SSD Vs. SATA Drive Performanceby Ashley Poland
Solid state disks (SSD) are an entirely electronic alternative to your standard SATA hard disk drive (HDD). SSD uses flash memory chips to store your data, as opposed to the head and spinning platter configuration of your current HDD hard drive. While the cost per gigabyte for an SSD drive is too costly for standard consumer use in 2011, the SSD is definitely the next step in hard drive technology.
When you first turn on your computer, the hard drive takes a second to spin up before it can read the drive and start booting. This leads to a significantly lower boot speed than SSD, which starts the second power hits the drive. In testing done for Computer World, Lucas Mearian found that his SSD booted Windows XP in 20 seconds, while his HDD took 40 seconds.
The SDD has the advantage in read/write speeds -- period. Your average SSD advertises 250 MB per second read speeds and 100 MB per second write speeds. In testing, this holds true depending on your brand of SSD and HDD. Bear in mind, of couse, that speeds vary depending on your brand of drive. Also, speeds drop over time; as you fill and use your drive, you'll likely notice a much slower read/write speed.
Because an SSD features no moving parts it's more durable and extremely klutz-friendly -- which is why it's used primarily in mobile devices. An SSD isn't susceptible to magnets, vibration or drops. They also produce less heat, which is better for the heat-sensitive components of your computer. This durability makes SSD a practical decision for users on the road or in high-impact environments where damage to an HDD is more likely.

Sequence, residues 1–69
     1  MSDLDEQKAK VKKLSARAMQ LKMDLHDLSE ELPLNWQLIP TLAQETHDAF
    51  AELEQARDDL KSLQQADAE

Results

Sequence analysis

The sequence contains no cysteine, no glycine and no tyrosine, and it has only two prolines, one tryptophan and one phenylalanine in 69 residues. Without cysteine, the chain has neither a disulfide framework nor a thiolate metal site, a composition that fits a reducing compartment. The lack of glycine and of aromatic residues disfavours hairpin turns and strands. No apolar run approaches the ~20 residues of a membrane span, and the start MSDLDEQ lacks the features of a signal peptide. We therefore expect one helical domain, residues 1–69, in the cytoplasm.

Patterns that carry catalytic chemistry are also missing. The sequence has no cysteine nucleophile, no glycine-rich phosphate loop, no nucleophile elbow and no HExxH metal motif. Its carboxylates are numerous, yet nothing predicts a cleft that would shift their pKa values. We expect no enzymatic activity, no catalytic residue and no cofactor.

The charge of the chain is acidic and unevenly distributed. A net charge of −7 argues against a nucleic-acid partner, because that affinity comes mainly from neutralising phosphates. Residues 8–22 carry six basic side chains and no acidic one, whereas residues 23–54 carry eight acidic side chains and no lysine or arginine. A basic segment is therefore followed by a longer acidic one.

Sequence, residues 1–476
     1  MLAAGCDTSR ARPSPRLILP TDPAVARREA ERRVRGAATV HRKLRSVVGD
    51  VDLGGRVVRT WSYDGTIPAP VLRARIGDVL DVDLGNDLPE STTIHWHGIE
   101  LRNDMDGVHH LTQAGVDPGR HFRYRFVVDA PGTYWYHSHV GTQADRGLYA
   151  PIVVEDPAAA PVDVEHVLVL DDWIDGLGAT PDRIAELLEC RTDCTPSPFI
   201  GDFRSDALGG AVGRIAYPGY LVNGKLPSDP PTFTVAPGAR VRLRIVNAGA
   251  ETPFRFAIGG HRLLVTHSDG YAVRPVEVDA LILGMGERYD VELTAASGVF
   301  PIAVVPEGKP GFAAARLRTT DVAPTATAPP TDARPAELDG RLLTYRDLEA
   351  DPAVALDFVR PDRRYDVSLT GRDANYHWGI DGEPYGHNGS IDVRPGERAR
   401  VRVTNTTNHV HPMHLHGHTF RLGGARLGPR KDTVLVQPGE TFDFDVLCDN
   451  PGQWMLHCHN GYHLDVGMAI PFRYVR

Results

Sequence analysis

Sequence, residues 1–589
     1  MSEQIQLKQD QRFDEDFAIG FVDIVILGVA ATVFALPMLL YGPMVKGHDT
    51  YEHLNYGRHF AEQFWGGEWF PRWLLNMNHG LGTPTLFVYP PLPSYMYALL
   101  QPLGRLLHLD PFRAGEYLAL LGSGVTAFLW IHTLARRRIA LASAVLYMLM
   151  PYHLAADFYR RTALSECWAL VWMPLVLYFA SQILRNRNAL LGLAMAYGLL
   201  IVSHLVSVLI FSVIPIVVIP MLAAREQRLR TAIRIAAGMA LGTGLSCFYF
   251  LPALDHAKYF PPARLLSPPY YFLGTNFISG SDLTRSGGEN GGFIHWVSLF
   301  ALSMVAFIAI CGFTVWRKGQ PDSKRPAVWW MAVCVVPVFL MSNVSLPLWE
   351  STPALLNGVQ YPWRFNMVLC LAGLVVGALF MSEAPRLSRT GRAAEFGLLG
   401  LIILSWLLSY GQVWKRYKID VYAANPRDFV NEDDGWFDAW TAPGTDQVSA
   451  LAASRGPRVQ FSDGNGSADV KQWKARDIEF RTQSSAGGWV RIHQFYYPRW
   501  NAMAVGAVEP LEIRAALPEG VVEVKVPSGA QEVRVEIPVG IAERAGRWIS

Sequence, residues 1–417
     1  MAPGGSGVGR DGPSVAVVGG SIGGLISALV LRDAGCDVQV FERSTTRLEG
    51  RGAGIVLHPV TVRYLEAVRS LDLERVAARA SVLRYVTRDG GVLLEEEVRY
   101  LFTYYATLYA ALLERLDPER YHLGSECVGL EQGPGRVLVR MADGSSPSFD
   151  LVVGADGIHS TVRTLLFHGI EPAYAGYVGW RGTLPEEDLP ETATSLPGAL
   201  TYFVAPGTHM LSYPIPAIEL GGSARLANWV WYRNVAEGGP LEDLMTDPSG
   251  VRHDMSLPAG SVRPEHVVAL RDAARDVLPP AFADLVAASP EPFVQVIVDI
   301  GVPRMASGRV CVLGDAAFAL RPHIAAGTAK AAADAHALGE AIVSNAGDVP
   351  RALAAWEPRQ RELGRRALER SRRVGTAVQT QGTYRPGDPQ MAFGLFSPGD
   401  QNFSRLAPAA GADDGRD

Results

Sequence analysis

One of the main claims to SSD's superiority is that they use fewer computer resources, including battery life. In Mearian's tests for Computer World, he found that battery life was only extended by five minutes when the SSD was in use. The SATA drive's random access time was 17 milliseconds -- significantly longer than the SSD, which clocked in well under one millisecond. However, the SSD uses more CPU than HDD.
While SSD drives are in most ways superior to HDD, they may present a lower endurance over time and more likely rate of failure than your standard SATA HDD. Which is to say: hard drives fail. It's a fact of life. The kind of SSD you're likely to buy on the consumer market has a highly variably lifespan: anywhere from 2,000 to 10,000 write/erase cycles. AN SSD's lifespan is highly variable to the type of drive you purchase, measurements the manufacturer uses to increase lifespan and how you use the drive.
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